Judo lightweight Ryo Kawabata defeats 115kg heavier opponent

    Judo lightweight Ryo Kawabata defeats 115kg heavier opponent

    5 Aug 2020 08:40

       Christian Fidler


    Judo is one of the most popular combat sports around. One challenge is how to make matchups as fair, and not to give one competitor the edge over the other. The way it is differentiated is by the various weight classes, and this approach works across most combat sport disciplines. Recently though, former Grand Slam Tokyo finallist Ryo Kawabata has bucked this trend somewhat.

    Kawabata, 30, who weighs in at 65kg and is a former top athlete in judo, hails from Japan. As you will expect, judo is a popular sport in the country, and this is reflected by the number of fans visiting trusted companies such as William Hill Japan to bet on the action. While there are times when smaller opponents will face off against larger ones, Kawabata decided to take on a Brazilian Ju-Jitsu white belt weighing in at 180kg, 115kg heavier than himself.

    In 2014 Kawabata also defeated the 2016 Olympic Champion Beslan Mudranov in Jeju and won against Ludwig Paischer in Austria's European Open in Oberwart. At the 2011 Grand Slam in Tokyo he overcame the 2012 Olympic Champio Arsen Galstyan as well.

    Kawabata’s reasoning for taking on a much heavier man was a determination to put his skill to the test while proving his judo ability to himself. If you’re more familiar with pounds, Kawabata weighs 143, while his opponent, who goes by the name of Big Joe, comes in on the scales at 397lb. Big Joe, who is from America, practices mixed martial arts. He made the move to Asia as he wanted to become a better fighter, and felt it was the ideal place to hone his craft further.

    The question everyone was asking before the open weight matchup is whether the size and weight difference will come into play at any point. As Big Joe is the much larger man, there was a feeling he could use his size to his advantage to gain the upper hand over national judo champion Kawabata. But there was another gap between the pair to consider heading into the bout.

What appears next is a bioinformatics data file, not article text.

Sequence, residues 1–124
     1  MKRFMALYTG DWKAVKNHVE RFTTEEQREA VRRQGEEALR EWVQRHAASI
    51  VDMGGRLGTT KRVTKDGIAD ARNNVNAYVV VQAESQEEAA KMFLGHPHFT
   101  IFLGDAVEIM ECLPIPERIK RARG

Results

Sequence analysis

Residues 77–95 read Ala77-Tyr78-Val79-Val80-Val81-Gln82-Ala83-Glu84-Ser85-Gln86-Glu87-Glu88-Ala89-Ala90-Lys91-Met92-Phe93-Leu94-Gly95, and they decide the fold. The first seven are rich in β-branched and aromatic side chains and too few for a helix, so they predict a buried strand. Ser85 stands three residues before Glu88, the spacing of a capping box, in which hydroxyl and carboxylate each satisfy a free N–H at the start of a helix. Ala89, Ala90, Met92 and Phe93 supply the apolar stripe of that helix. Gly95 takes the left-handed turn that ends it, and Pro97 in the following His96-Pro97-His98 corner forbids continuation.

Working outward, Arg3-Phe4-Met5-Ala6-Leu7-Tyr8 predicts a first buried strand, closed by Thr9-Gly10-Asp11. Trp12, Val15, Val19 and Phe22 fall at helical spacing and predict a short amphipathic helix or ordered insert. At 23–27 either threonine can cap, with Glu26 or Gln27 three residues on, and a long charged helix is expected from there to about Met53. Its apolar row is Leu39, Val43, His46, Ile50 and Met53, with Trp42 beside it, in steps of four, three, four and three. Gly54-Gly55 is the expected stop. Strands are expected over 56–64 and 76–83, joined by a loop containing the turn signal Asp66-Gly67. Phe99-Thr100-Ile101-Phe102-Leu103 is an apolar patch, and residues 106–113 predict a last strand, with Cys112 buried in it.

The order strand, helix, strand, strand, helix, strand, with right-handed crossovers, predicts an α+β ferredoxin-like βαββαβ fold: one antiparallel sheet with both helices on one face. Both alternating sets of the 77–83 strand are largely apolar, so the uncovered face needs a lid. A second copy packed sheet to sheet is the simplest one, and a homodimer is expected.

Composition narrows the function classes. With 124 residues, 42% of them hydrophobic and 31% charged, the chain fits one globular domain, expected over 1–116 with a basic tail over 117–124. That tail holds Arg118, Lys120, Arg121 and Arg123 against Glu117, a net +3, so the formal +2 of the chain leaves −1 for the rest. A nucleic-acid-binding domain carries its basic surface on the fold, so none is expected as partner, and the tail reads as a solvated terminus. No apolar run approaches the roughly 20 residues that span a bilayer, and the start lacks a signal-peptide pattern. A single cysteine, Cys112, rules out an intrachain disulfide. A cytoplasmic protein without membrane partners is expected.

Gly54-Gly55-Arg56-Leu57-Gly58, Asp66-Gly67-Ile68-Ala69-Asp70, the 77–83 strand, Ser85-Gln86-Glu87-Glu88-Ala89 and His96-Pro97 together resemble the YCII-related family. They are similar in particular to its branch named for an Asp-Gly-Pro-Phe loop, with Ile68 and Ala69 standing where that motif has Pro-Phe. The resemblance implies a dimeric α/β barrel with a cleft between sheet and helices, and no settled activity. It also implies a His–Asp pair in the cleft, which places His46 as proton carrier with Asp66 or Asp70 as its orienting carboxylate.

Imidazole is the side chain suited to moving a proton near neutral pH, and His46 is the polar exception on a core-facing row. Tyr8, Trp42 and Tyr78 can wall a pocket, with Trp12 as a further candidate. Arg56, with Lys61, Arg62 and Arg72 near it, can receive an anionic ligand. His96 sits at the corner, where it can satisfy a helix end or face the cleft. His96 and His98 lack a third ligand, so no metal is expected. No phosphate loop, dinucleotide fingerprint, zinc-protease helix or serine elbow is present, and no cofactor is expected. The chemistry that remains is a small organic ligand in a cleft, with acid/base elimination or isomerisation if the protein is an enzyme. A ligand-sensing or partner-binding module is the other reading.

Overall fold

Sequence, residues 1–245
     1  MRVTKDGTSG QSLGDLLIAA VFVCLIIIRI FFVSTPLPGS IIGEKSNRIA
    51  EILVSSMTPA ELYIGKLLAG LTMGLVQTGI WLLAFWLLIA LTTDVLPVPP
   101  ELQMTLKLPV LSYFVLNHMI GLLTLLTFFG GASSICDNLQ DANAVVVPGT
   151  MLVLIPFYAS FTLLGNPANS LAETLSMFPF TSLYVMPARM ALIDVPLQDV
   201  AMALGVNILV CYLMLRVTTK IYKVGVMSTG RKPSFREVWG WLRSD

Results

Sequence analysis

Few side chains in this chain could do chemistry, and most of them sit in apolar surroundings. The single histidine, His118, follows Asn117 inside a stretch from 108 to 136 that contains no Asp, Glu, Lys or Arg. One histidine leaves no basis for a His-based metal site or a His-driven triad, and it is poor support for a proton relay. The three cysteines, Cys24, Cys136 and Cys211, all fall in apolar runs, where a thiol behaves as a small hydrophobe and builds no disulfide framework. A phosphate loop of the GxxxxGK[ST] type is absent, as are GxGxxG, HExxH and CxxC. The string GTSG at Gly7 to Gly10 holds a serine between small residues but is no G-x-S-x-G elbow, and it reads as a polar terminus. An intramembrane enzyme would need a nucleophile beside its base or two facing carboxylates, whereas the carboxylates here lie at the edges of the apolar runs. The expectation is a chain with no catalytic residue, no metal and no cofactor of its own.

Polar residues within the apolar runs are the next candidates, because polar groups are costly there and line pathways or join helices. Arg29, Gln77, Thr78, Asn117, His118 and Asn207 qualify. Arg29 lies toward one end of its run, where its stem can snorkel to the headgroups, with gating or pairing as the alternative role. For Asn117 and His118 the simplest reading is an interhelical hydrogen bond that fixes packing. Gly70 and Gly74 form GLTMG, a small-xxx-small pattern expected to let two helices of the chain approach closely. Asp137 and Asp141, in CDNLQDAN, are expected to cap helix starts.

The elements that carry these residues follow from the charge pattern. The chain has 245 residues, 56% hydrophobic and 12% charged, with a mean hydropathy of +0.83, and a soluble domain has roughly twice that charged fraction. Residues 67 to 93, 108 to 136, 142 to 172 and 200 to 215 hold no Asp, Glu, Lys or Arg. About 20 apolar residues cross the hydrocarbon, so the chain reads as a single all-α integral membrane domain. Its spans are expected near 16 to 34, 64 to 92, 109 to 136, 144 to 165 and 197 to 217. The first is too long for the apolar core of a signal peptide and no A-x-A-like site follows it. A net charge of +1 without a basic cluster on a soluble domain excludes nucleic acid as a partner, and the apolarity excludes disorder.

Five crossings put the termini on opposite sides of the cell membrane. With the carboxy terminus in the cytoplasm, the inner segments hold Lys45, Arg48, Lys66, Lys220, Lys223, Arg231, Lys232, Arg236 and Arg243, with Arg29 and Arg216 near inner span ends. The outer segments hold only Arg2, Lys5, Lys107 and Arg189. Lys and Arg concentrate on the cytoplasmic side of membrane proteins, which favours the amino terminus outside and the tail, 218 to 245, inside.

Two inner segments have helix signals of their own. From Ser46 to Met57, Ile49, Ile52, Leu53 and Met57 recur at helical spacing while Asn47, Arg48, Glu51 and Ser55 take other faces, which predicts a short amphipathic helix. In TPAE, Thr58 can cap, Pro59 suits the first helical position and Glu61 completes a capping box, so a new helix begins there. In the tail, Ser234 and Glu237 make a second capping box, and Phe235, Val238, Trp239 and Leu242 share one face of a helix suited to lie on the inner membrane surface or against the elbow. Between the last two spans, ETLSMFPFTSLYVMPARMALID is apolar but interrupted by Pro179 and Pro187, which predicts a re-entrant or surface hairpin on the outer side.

The skill gap between Kawabata and Big Joe was very much on par with the difference between the competitors in size and weight, and it was always going to be pivotal at determining the outcome of the open weight match up. Kawabata taking on an amateur in Big Joe was always going to stand him in good stead if he could get his skills and ability into play early on.

    As the action unfolded, Kawabata used his trademark patience to work immediately, He exercised fantastic positioning and control, as well as focus, and it enabled the 2013 All Japan champion to react when the time was right. Kawabata was able to get topside of Big Joe several times during the contest, and he successfully locked in an armbar which saw him win the initial bout.

    The pair went at it again after the first fight, with Big Joe immediately asserting his size and weight advantage over Kawabata. After getting topside of his Japanese opponent, he used his physicality to control the action, with Kawabata tapping out to give Big Joe a taste of victory. After the battle, Big Joe said, “I did not want to get arm barred again.”

    More and more judoka turn into other martial arts such as Brazilian Ju-Jitsu, but the intensity of rivalry in judo is unmatched which is why judoka are so successful in other combat sports.

    This article was originally published on

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